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Tim Quast
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March 18, 2010

Review: Timing is Everything

Book on hedge funds sheds light on an era of excess

By Michael Scotti

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Diary of a Hedge Fund Manager" is really an amazing story. Through hard work, a middle-class kid from Thunder Bay, Ontario earns a hockey scholarship to Yale University, gets a job in equity sales at Credit Suisse during the height of the dot.com craze and moves to a hedge fund as a junior analyst within a year. Three years later he is earning more than

$1 million a year as a portfolio manager.

Author Keith McCullough's book covers a time in Wall Street history that still staggers the mind, a period when the United States went from one era of excess to another--from the Internet to the housing bubble. One byproduct of the times was the hedge fund bubble, which McCullough admits he benefited from.

The mania and froth of the times were so great and blinding, that at one point, after McCullough reaches seven figures in annual compensation, he recounts how he reset his next goal to $10 million a year. Not bad ambitions for a 27-year-old. McCullough admits that luck played a role in his meteoric rise, but there was also hard work and design, he says--he kept his edge by writing a daily journal of various indices and economic figures that he memorized. This helped him spot trends in the market.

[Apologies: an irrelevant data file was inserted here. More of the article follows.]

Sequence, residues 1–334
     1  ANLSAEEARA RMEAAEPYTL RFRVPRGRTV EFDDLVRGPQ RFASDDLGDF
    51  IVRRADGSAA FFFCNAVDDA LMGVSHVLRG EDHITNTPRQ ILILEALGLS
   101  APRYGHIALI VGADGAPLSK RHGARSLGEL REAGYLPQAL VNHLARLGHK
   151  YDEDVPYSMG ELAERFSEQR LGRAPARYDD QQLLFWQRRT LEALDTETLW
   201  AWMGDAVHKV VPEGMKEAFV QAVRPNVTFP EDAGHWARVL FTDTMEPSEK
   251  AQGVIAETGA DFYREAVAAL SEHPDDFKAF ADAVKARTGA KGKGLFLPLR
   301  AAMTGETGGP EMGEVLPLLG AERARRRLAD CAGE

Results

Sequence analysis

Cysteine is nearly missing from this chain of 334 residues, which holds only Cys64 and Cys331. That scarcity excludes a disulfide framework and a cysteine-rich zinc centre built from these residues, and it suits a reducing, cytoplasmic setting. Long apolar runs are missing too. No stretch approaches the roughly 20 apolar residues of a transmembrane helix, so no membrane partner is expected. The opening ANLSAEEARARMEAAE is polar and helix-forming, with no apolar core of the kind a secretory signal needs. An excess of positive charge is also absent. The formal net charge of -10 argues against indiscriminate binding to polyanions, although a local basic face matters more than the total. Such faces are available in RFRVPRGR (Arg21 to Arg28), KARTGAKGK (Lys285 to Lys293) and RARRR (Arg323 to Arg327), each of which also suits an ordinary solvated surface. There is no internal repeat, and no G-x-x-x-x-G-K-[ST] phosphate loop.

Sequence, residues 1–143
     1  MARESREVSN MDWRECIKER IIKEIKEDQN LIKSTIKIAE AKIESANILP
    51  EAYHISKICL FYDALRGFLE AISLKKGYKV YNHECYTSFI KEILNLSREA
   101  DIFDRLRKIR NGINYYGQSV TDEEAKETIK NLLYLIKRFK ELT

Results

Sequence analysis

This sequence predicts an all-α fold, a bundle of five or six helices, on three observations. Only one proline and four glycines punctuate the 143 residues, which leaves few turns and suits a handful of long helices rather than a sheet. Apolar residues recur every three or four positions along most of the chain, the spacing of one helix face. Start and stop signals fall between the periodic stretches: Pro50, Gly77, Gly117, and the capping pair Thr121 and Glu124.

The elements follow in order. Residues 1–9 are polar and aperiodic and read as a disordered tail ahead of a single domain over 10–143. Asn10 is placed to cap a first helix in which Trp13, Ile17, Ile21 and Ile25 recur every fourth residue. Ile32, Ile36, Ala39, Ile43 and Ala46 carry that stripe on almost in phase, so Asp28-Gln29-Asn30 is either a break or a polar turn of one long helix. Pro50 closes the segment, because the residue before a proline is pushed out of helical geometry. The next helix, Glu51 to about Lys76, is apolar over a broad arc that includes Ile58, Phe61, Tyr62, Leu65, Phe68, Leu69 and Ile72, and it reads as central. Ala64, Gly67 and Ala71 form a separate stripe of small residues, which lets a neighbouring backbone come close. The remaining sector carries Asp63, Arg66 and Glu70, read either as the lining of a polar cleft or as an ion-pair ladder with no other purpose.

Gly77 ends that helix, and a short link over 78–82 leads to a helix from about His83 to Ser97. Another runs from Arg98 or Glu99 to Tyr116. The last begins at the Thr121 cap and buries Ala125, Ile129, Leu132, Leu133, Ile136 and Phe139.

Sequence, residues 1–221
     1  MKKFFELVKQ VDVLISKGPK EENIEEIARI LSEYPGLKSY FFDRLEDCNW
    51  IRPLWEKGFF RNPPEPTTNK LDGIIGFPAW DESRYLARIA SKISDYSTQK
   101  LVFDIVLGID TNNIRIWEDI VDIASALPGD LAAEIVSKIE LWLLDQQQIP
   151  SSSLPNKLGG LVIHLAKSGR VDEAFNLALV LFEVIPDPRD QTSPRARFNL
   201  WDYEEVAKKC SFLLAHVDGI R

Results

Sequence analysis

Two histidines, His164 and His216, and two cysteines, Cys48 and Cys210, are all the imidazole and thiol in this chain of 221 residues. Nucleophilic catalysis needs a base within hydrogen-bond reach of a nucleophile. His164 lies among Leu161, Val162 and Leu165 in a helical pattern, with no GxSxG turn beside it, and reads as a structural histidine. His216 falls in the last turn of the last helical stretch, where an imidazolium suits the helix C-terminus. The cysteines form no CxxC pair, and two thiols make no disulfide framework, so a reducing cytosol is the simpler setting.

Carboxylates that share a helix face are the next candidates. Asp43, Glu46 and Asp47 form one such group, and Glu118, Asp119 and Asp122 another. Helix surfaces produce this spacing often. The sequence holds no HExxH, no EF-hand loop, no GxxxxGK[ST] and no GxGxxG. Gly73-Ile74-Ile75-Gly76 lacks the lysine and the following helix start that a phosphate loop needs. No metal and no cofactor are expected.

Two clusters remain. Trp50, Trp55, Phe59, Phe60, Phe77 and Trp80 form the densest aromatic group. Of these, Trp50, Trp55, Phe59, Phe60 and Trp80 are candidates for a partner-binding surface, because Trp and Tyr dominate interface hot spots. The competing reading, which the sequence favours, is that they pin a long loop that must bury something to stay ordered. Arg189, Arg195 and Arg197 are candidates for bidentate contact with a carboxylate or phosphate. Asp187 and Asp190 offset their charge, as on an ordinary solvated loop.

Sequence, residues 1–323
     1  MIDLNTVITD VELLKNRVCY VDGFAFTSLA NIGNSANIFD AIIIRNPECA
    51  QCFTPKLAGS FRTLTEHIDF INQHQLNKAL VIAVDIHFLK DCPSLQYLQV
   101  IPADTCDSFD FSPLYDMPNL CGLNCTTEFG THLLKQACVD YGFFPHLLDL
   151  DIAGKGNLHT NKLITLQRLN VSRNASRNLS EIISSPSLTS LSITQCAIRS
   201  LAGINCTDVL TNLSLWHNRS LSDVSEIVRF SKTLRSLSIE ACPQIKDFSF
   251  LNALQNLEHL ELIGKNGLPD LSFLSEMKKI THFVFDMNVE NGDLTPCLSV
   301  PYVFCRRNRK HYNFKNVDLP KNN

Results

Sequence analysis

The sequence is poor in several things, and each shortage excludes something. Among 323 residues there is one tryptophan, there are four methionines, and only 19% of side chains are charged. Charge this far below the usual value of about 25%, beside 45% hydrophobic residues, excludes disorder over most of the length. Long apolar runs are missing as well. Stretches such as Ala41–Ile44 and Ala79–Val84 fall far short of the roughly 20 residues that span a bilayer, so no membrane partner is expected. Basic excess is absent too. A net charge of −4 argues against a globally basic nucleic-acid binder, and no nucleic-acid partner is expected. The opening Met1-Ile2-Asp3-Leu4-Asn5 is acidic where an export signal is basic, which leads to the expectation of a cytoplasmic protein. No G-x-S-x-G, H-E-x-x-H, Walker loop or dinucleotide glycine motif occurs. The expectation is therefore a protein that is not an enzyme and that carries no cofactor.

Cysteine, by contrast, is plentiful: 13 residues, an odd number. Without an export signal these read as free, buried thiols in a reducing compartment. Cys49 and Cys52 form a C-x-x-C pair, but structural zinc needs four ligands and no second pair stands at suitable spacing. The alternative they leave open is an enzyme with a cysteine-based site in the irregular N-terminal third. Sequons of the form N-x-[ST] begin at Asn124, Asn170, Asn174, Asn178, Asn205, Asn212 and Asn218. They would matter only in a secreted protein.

With the help of Rich Blake, a veteran Wall Street journalist with a thick Rolodex, McCullough takes the reader through his brief, but successful career in hedge funds. By fall of 2007, when at the wizened age of about 31, it was all over--McCullough would be gone from the hedge fund industry for good. He lost his job at Carlyle-Blue Wave Partners because he was bearish too soon.

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"Diary of a Hedge Fund Manager" is an easy read. It offers context about the hedge fund industry and hedge funds' role in the financial crisis. It demonstrates the growth of hedge funds with facts and figures. It also gives a quick history of the business, while reciting the litany of past and present-day superstar managers. The book accomplishes its goal: It explains hedge funds through the eyes of a former manager.

This is not a tell-all book--far from it. It is one man's story. You won't find any stories about individual hedge fund managers by name--except for "the Giant." He is an anonymous fat-cat manager whom McCullough sees on a flight stuffing his face with caviar while McCullough pores over reports.

The shortage of stories might be chalked up to McCullough spending long days researching his investments--in the office by 5 a.m. and on the road constantly for company meetings.

 

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